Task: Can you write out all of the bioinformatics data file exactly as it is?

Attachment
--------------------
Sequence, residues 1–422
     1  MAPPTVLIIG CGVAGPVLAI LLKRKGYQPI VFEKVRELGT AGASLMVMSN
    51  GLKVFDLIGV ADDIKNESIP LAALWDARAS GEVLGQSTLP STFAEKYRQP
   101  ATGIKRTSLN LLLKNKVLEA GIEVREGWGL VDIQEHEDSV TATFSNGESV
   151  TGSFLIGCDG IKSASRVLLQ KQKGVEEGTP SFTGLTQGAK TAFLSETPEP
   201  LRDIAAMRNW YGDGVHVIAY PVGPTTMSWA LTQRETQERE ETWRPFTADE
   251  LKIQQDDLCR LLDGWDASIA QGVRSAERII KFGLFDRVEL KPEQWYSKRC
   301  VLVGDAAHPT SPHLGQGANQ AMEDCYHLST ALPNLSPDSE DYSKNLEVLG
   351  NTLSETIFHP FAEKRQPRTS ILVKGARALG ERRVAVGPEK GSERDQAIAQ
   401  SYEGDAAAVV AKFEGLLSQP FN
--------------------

Sequence, residues 1–422
     1  MAPPTVLIIG CGVAGPVLAI LLKRKGYQPI VFEKVRELGT AGASLMVMSN
    51  GLKVFDLIGV ADDIKNESIP LAALWDARAS GEVLGQSTLP STFAEKYRQP
   101  ATGIKRTSLN LLLKNKVLEA GIEVREGWGL VDIQEHEDSV TATFSNGESV
   151  TGSFLIGCDG IKSASRVLLQ KQKGVEEGTP SFTGLTQGAK TAFLSETPEP
   201  LRDIAAMRNW YGDGVHVIAY PVGPTTMSWA LTQRETQERE ETWRPFTADE
   251  LKIQQDDLCR LLDGWDASIA QGVRSAERII KFGLFDRVEL KPEQWYSKRC
   301  VLVGDAAHPT SPHLGQGANQ AMEDCYHLST ALPNLSPDSE DYSKNLEVLG
   351  NTLSETIFHP FAEKRQPRTS ILVKGARALG ERRVAVGPEK GSERDQAIAQ
   401  SYEGDAAAVV AKFEGLLSQP FN